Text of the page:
Statistics can be somewhat ambiguous when it comes to eating disorders. Over the years, there have been countless studies conducted surrounding the prevalence of illnesses such as anorexia nervosa, bulimia nervosa and binge eating disorder. Although many of these studies convey slightly different findings, one thing is certain: Millions of Americans struggle with eating disorders.

While the majority of eating disorder sufferers are young women and adolescent girls, research has discovered that more and more males — an estimated 10 to 15 percent — are struggling with eating disorders as well. Additionally, incidents of these disorders in older women have been on a steady incline in recent years.

Why the Upward Trend?

New information is surfacing in regard to women in their 40s, 50s and 60s maintaining a negative body image, and as a result, continuing unhealthy eating patterns or developing eating disorders. Recent studies have found that over 60 percent of women 50 years of age and older are acutely concerned about their weight. Roughly 13 percent of these women suffer from some type of eating disorder.

Some older women keep their eating-related struggles hidden for years. Others, after having addressed an eating disorder earlier in life to at least some degree, relapse as they approach middle age. There are of course a variety of other factors that may contribute to the development of eating disorders in middle-aged women. These include a divorce or the loss of a mate where a woman feels she needs to lose weight to regain a level of attractiveness. It’s also not out of the question for a woman to develop an eating disorder for the first time later in life.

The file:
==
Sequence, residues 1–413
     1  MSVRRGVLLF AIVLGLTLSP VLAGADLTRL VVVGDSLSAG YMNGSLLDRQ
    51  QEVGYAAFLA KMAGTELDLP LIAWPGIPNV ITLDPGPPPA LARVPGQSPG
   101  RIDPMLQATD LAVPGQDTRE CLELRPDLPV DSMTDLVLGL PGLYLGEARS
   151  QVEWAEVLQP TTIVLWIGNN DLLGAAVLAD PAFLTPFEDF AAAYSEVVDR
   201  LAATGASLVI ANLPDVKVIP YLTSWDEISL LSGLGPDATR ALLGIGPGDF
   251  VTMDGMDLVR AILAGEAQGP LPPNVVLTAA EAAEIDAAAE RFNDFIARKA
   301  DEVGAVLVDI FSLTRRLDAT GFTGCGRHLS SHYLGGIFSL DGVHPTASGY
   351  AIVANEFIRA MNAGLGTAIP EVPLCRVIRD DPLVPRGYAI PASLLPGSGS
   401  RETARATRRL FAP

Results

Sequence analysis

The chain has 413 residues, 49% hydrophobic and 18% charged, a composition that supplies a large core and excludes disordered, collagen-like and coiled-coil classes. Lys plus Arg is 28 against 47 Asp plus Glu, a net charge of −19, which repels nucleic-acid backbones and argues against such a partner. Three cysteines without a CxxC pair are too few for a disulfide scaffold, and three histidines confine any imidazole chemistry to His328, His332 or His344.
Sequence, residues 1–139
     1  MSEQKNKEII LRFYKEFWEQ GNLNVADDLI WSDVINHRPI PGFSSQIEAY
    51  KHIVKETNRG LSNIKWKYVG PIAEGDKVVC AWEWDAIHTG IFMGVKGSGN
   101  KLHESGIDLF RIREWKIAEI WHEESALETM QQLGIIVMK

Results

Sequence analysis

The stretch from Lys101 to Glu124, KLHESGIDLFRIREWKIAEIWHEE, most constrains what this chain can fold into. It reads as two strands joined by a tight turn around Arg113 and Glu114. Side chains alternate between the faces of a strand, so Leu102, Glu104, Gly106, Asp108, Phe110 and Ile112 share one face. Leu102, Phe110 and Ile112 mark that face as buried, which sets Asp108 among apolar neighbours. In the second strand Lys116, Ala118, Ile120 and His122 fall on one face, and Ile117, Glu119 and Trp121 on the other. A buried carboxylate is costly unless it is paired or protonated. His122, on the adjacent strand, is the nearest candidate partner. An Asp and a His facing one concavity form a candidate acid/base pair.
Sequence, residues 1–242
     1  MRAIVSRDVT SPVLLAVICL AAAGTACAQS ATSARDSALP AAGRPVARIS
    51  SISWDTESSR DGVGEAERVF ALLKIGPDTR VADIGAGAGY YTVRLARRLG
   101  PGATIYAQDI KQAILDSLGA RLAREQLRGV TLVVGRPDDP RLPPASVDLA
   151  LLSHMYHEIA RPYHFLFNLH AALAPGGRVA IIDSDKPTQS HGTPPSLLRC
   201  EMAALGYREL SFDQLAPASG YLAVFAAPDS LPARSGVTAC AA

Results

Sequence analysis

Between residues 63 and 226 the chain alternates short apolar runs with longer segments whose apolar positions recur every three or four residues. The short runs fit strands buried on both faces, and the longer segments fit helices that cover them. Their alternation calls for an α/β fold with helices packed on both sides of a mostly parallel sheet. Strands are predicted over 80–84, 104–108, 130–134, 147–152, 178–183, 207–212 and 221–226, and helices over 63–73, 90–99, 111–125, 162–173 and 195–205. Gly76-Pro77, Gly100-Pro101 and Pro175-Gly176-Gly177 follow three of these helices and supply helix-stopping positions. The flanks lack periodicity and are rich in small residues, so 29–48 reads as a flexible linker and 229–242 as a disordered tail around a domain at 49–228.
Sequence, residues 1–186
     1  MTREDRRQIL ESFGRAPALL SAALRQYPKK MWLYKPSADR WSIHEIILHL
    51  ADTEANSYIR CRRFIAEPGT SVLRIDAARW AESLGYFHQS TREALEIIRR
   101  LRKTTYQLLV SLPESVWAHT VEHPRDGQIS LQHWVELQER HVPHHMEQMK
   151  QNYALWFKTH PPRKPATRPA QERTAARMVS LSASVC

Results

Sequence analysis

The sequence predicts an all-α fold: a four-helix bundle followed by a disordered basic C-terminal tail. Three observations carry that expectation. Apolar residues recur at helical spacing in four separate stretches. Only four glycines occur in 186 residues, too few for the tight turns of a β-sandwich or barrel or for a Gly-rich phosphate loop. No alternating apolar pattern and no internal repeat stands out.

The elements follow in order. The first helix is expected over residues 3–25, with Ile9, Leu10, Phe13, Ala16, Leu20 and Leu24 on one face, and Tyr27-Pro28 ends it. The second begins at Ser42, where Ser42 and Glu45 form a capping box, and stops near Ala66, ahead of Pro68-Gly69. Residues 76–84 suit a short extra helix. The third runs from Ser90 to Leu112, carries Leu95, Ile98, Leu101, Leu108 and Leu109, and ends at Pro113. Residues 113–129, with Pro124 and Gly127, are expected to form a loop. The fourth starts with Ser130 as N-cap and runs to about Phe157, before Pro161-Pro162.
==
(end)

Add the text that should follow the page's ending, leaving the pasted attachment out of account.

Never Too Late to Begin Treatment

Regardless of age or gender, anorexia treatment, bulimia treatment and treatment methods for other eating-related illnesses have evolved throughout the years. The percentage of successful outcomes continues to increase. Treatment for eating disorders usually consists of a combination of nutritional counseling, individual or group therapy, and in many cases, medications.

With the discovery of eating disorders in so many older women, mental health professionals are realizing that life-long care may be required even after a young woman has shown significant signs of recovery. However, those who get help for eating disorders early do have the best chance at long-term recovery.


This blog is written and published by Lindner Center of HOPE.

Millions of Americans struggle with eating disorders in various forms. Although eating disorders overwhelmingly affect girls and women, males are certainly not immune to these potentially deadly mental health conditions.

The three major types of eating disorders are anorexia nervosa, bulimia nervosa and binge eating. Anorexia is basically an obsession with thinness where the sufferer will severely limit their food intake. Bulimia is characterized by eating large quantities of food, then afterwards attempting to offset the effects of mass caloric consumption through actions such as self-induced vomiting, excessive exercise and the taking of laxatives. Binge eating is compulsive overeating with an inability to gain control during periods of consumption, which vary in duration.

What’s Beneath the Surface?

A variety of circumstances can contribute to the development of an eating disorder. Studies have indicated that genetics may play a role in many cases. But aside from pre-existing anxiety or mood disorders, cultural and other psychological factors are often at the heart of abnormal eating habits and full-blown eating disorders.

In a society that conveys a thin-is-attractive message, many girls and women feel pressured to lose weight or remain slim. In order to accomplish this, they will often cultivate unhealthy eating habits that can eventually lead to serious health problems, or worse.